The fictional Villa Rosa in my novel is inspired by Frances Mayes’ Bramasole. The Villa Rosa sits atop a series of terraces, that my characters enter through a set of elaborate wrought iron gates, and Annie, the San Franciscan caterer who inherits the villa, arrives armed only with a large brass key. The lowest terrace in the garden is filled with silvery olive trees, then there is an orchard with apricots and plums and apples, and on the top terrace, there is a pergola covered with tiny pale pink climbing roses. The villa looks out over a valley that does not seem to have changed in seven centuries.
I set an imaginary village in the valley below the Villa Rosa, but both my contemporary character Annie, and my wartime character Cara, bicycle to Cortona, winding their way past another tiny village, and then around the hill that overlooks a valley that seemed a little wilder and more haunting to me than the deep green landscape that spreads beneath the Villa Rosa.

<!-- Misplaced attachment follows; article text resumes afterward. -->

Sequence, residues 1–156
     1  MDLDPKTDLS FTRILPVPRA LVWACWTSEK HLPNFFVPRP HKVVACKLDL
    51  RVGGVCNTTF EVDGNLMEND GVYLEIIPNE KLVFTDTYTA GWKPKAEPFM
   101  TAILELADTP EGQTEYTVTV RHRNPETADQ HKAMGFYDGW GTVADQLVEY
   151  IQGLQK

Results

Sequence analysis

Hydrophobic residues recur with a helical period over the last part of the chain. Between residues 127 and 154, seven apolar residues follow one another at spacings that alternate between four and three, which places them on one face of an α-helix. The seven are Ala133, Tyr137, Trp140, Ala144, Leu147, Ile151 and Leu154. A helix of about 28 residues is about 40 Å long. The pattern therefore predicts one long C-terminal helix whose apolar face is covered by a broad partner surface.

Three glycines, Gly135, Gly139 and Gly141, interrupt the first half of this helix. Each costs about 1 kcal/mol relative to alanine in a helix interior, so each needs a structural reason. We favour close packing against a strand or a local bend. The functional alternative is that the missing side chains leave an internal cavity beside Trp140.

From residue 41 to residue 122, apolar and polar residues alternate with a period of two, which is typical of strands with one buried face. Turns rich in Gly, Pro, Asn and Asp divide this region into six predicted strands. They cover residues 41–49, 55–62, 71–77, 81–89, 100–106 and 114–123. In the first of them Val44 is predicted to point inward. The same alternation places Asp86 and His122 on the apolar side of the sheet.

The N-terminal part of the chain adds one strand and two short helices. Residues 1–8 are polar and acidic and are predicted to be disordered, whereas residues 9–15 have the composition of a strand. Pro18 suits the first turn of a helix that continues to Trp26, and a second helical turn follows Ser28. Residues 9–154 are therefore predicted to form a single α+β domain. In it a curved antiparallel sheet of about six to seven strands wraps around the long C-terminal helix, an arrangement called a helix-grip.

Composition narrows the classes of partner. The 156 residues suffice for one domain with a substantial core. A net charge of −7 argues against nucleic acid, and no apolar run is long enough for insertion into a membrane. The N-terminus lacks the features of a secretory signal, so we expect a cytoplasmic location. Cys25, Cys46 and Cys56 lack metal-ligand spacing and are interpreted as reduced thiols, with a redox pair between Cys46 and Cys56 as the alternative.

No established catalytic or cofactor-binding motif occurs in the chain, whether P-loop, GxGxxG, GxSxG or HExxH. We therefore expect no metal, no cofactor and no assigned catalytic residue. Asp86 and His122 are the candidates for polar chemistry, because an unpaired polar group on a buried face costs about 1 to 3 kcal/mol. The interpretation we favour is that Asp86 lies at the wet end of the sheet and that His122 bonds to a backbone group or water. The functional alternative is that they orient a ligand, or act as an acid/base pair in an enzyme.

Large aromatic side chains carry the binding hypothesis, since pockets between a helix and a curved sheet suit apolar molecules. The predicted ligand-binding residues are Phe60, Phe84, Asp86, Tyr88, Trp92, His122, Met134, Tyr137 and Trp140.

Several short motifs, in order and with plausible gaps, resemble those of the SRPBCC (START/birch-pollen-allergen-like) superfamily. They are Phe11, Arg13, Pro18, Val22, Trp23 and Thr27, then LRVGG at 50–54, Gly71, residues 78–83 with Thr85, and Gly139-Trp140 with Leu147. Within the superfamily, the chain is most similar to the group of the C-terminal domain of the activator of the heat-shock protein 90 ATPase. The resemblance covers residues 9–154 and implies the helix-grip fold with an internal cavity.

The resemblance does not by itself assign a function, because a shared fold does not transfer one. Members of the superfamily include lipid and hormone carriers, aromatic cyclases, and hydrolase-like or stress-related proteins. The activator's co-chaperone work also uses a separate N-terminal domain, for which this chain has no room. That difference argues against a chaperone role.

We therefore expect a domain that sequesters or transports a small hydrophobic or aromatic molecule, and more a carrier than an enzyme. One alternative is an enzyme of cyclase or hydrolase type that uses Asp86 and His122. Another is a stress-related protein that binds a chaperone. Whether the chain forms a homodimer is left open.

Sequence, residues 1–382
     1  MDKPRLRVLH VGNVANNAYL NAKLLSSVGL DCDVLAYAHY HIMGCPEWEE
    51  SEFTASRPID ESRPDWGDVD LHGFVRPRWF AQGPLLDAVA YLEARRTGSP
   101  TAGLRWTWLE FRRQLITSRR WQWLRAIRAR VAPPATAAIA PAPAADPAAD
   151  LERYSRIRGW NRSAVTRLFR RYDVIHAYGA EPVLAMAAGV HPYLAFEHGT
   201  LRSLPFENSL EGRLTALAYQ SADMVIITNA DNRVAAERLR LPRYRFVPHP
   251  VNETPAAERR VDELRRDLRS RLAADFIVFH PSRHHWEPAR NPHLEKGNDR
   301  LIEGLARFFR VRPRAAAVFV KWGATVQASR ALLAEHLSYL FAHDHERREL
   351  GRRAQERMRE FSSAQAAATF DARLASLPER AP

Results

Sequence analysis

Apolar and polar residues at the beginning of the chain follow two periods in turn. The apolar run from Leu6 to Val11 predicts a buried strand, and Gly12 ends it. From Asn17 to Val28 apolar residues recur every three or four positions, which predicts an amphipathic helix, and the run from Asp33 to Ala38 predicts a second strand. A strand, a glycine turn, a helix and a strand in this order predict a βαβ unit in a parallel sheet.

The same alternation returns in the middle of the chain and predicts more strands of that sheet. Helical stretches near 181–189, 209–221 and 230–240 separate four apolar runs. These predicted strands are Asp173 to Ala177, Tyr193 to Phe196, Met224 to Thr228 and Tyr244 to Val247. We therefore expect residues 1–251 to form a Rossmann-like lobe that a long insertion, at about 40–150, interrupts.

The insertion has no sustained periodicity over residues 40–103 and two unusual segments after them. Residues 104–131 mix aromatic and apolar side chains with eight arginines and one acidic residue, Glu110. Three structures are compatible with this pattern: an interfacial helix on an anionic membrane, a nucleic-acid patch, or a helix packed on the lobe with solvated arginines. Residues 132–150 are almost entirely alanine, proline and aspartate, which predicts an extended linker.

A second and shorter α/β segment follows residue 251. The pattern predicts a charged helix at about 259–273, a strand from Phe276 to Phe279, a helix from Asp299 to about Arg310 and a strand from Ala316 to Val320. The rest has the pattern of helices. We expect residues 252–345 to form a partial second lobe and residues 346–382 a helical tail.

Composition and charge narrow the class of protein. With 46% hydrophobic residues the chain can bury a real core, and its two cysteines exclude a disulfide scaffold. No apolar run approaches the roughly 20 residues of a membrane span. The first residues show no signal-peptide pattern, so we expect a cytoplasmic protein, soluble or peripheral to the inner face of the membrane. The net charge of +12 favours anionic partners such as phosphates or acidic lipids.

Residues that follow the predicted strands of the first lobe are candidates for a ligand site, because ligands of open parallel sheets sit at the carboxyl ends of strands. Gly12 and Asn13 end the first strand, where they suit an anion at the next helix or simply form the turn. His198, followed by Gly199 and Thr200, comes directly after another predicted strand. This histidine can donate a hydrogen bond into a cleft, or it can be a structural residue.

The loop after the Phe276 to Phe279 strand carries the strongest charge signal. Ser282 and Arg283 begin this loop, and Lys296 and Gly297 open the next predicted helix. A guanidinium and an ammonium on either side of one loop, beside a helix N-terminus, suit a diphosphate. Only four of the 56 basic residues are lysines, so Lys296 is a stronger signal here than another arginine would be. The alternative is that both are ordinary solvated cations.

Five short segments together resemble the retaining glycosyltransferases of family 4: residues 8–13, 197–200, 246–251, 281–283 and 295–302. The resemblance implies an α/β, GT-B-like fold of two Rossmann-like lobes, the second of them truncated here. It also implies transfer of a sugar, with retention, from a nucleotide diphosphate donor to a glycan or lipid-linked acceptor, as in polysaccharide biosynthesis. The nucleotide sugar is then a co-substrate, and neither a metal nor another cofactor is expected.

My wartime character, Cara visits an old church in Cortona on the via Santa Margharita, where the priest is helping the partisans. As a staffetta, Cara takes on one of the most dangerous roles that young Italian women carried out during the Second World War. They rode bicycles and delivered messages for the partisans, and sometimes transported ammunition for the partisans right under the noses of the Nazis. Cara is tasked with couriering a basket of explosives to blow up a Nazi stronghold near Cortona. In the wartime, the mediaeval gates of Cortona are guarded by a pair of Nazis, and horrific events happen in the valley which were inspired by tragic true stories from that time.
I was inspired and humbled by the stories of the Tuscan people’s efforts to survive the Nazi occupation of the area around Cortona, and while my novel is entirely fictional, some of the events in the book were true.